Michael Hunter (Ph.D, Stanford University) is a director, performance curator, and senior lecturer at California College of the Arts. As a theater director, he trained under the late Carl Weber, who was an assistant to Bertolt Brecht at the Berliner Ensemble in the 1950s. Hunter has staged works by Pedro Calderón de la Barca, Eugène Ionesco, Joe Orton, Tennessee Williams, Tony Kushner, Heiner Müller, Jean Genet, and Witold Gombrowicz, to name a few. He is a cofounder of Collected Works, a San Francisco-based theater collective that specializes in novel interpretations of classic plays, usually performed in nontraditional spaces. With members of Collected Works, Hunter has also begun working on a project that uses performance to embody and narrativize archives. The first iteration took place last summer in San Francisco’s Museum of Performance and Design.
Tom Powers (Ph.D, Indiana University of Pennsylvania) is a writer and Senior Lecturer at Montgomery County Community College. He is the author of Gender and the Quest in British Science Fiction Television (McFarland, 2016) and the co-author of The Greatest Show in the Galaxy: The Discerning Fan’s Guide to Doctor Who (McFarland, 2007).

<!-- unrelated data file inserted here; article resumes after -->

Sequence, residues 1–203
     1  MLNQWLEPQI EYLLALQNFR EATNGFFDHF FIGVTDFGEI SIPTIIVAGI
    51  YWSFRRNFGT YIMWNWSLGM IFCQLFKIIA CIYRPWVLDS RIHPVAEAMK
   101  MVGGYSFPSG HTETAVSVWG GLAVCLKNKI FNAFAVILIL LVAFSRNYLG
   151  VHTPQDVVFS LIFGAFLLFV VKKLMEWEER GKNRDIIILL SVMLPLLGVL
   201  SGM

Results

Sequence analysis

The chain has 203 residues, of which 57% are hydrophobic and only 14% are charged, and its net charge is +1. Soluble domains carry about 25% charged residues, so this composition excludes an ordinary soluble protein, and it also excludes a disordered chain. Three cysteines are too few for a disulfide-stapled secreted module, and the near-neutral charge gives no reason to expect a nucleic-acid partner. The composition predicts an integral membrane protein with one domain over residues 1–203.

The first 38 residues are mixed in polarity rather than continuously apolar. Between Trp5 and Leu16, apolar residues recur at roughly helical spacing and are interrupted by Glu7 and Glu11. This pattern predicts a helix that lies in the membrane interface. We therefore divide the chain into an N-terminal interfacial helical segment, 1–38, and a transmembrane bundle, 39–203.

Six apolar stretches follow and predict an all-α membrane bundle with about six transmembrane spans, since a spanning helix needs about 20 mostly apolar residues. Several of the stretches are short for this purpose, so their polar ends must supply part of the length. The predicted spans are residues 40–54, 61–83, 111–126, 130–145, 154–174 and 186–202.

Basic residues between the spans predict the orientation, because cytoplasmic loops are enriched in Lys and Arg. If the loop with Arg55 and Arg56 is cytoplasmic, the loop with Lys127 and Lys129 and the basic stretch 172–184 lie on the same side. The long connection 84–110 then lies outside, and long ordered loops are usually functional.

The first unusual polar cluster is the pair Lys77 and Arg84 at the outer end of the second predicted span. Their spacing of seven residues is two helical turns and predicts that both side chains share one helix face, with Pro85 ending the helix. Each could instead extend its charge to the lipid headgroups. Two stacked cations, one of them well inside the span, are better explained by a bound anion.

Seth Russell (BA, Southern Illinois University, Carbondale) is a Native American of the O'odham peoples who grew up in the cliffs of Southern Illinois. He is an MPA candidate and curatorial assistant at SIU University Museum, and spends his days digitizing archival records for an encyclopedic collection of over 70,000 objects from global cultures. When not reciting poetry to Dylan Thomas’ death mask, he reconstructs and practices occult rites from across traditions with particular emphasis on Andrew Chumbley's source materials, Crowley's unpublished works, as well as Saivist and Vajrayana Tantra.
Roy Starrs (PhD, University of British Columbia) is Associate Professor in the Department of Languages and Cultures at University of Otago. A prolific author, he has published dozens of essays and book chapters, and has edited and authored numerous books, including Soundings in Time: The Fictive Art of Yasunari Kawabata (Curzon Press, 1998), Modernism and Japanese culture. (Palgrave Macmillan, 2011), Rethinking Japanese modernism. (Global Oriental, 2012), and When the tsunami came to shore: Culture and disaster in Japan. Leiden, The Netherlands: Brill, 2014). He is the Japan editor of the online The Literary Encyclopedia.
Slavoj Žižek (PhD, University of Paris VIII) is a Slovenian philosopher and cultural critic. He is a professor at the European Graduate School, International Director of the Birkbeck Institute for the Humanities, Birkbeck College, University of London, and a senior researcher at the Institute of Sociology, University of Ljubljana, Slovenia. His books include Less Than Nothing; The Year of Dreaming Dangerously; Living in the End Times; First as Tragedy, Then as Farce; In Defense of Lost Causes; and many more.